Please note that from August 2016 this article will no longer be updated – you can see our new article on Grooming and Dress Codes here.

After the recent hot weather and with summer around the corner (allegedly), is your client happy with what you wear to the office? The warm weather naturally lends itself to a different dress styles but what if you turn up to work in shorts, vests, mini-skirts and halter-necks?

Your client or employer may currently require you to wear a uniform or already have a dress code policy – but if you are currently free to wear what you like, can your employer impose a dress/appearance code on it’s staff?

Many employers have relaxed dress codes now and a recent survey by First Direct found that 2/3rds of workers prefer a relaxed dress code as it helps them be more productive and makes them happier at work. However, the more ‘formal’ industries, for example finance and retail, may take your clothes more seriously – especially if you are in contact with customers or business partners where they may have legitimate reasons for the need for you to dress ‘smartly’.

Employers have every right to implement a dress/appearance code for their workers, that you should comply with to protect their business image, but their policy must be proportionate to the organisations function and justified. In today’s climate employers need to be very careful about what they prescribe you should wear. For example:

  • Your Employer could be liable to claims of sex discrimination if they set more relaxed rules for their females workers than their male workers (or vice versa). Or require women to wear skirts and men jeans.  In 2016 there were many media reports about high-heels when a London receptionists was sent home from work without paying for refusing to wear high heels between 2-4″ at work.  This could be sex discrimination if the point of the high-heels was for women to look attractive when male employees were not expected to look the same!  It’s also worth considering the Health and Safety implications of requiring women to wear high heels for a prolonged length of time.
  • Your Employer could be liable to claims of race or religious discrimination if workers who have specific requirements for their clothing or their appearance (because of their cultural or religious beliefs) are not allowed to adhere to these requirements.  Examples are – a ban on head wear may discriminate against Sikhs; requiring clean-shaven male employees may discriminate against Muslim workers who wear a beard.

At the end of March 2015 the Deregulation Bill came into force allowing Sikhs not to wear safety helmets in all work environments – this will be effective from 1st October 2015 (Sikhs were already exempt from wearing safety helmets in the construction sector, but were required to wear helmets in lower risk workplaces, such as factories, warehouses and transport).  There will remain a few exceptions such as the armed forces and emergency response situations where turbans cannot be worn.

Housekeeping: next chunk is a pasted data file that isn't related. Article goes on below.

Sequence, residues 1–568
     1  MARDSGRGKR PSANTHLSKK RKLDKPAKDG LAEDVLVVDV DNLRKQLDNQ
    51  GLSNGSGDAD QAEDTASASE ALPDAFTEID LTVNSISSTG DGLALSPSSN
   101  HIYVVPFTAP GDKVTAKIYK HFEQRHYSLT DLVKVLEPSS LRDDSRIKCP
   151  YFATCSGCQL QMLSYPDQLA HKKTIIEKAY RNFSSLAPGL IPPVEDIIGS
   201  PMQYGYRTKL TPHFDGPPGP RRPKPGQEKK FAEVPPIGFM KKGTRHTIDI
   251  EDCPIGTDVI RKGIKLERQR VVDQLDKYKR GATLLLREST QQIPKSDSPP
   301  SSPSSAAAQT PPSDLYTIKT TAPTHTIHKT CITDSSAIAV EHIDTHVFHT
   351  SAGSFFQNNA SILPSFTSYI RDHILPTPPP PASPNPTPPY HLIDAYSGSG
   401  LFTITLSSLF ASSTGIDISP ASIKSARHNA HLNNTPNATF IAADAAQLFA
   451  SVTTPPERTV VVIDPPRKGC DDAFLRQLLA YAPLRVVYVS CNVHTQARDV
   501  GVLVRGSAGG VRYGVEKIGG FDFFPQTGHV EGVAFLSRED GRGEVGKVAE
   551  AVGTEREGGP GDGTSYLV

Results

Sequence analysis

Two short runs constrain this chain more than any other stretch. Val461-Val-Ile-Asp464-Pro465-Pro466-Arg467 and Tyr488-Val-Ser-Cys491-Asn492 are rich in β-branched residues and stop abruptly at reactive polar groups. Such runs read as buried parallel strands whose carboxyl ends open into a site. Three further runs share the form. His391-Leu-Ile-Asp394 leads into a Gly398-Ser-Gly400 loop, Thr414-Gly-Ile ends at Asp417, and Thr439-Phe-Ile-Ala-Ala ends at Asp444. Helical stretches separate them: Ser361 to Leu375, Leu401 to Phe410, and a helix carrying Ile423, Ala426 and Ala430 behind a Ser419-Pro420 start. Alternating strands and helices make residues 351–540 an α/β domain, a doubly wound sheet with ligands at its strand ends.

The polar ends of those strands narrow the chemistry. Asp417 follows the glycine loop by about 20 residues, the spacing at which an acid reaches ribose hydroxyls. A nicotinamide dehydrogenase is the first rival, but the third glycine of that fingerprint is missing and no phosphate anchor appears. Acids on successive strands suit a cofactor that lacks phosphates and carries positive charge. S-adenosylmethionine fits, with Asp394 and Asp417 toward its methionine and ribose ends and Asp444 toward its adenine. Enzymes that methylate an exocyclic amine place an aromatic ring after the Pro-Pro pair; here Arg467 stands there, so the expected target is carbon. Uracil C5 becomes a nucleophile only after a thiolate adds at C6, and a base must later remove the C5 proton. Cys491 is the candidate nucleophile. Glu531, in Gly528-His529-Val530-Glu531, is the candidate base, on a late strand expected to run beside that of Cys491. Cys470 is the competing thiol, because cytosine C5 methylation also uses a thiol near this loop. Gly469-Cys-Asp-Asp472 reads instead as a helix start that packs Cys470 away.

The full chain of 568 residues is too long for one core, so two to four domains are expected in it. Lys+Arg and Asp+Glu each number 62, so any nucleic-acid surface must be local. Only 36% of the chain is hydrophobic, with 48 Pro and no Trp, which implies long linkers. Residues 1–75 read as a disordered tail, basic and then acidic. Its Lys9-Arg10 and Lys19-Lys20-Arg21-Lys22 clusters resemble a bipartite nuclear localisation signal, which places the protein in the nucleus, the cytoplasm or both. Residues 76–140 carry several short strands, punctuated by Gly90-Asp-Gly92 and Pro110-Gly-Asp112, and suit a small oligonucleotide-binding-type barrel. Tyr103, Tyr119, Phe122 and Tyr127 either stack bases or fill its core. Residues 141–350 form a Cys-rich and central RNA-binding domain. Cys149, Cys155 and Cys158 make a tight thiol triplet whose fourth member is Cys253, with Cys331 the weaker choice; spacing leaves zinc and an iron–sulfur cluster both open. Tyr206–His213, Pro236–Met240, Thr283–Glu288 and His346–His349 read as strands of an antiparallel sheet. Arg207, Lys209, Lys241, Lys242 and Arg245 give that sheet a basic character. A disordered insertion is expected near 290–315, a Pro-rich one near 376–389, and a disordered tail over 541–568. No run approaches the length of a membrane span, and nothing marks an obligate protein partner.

• See our Guide to ‘what is religious discrimination‘ here, which contains more information about dress codes (this Guide will be updated regularly, while this post may not be).

Your Employer may, of course, have legitimate Health and Safety reasons to, for example, ban some jewellery and loose, long hair if you work with machinery.  In 2015, in Begum v Pedagogy Auras UK Ltd t/a Barley Lane Montessori Day Nursery, the claimant was offered an apprenticeship as a trainee nursery assistant.  The claimant was an observant Muslim who work a hijab and a jilbab (covering her body to the ankles).  There was a discussion at the interview about uniform, including non-slip footwear and whether the claimant could wear a shorter jilbab to work (as the existing one covered her shoes and touched the floor), as the Manager felt this might be a trip hazard for the claimant, her colleagues and the children at the nursery.  The Tribunal did not believe the claimant had been offended by this proposal at the time, she was expected by the Employer to start work.

However, she claimed she had suffered a detriment by reason of the manifestation of her religious belief, as she was unable to accept the job if she could not wear a jilbab of an appropriate length.  The Tribunal found there had not been any discrimination, as the employer would allow her to wear a jilbab if it did not constitute a trip hazard. This practice was applied by the Employer to all staff equally.  The Tribunal found that if there had been any indirect discrimation on grounds of religion it was justified as it protected the health and safety of the staff and children.  The Employment Appeal Tribunal agreed.

General ‘prohibitions’ are best – no beach wear, no sports wear, no offensive messages or logos.

If you do not comply with a dress code what will happen? Your Employer would be advised to first find out what your objections are and if these objections are not because of potential discrimination then –

If you are an Employer and need ongoing professional help with any staff/freelance issues then talk to Lesley at The HR Kiosk  – a Human Resources Consultancy for small businesses – our fees are low to reflect the pressures on small businesses and you can hire us for as much time as you need.

Please note that the advice given on this website and by our Advisors is guidance only and cannot be taken as an authoritative or current interpretation of the law. It can also not be seen as specific advice for individual cases. Please also note that there are differences in legislation in Northern Ireland.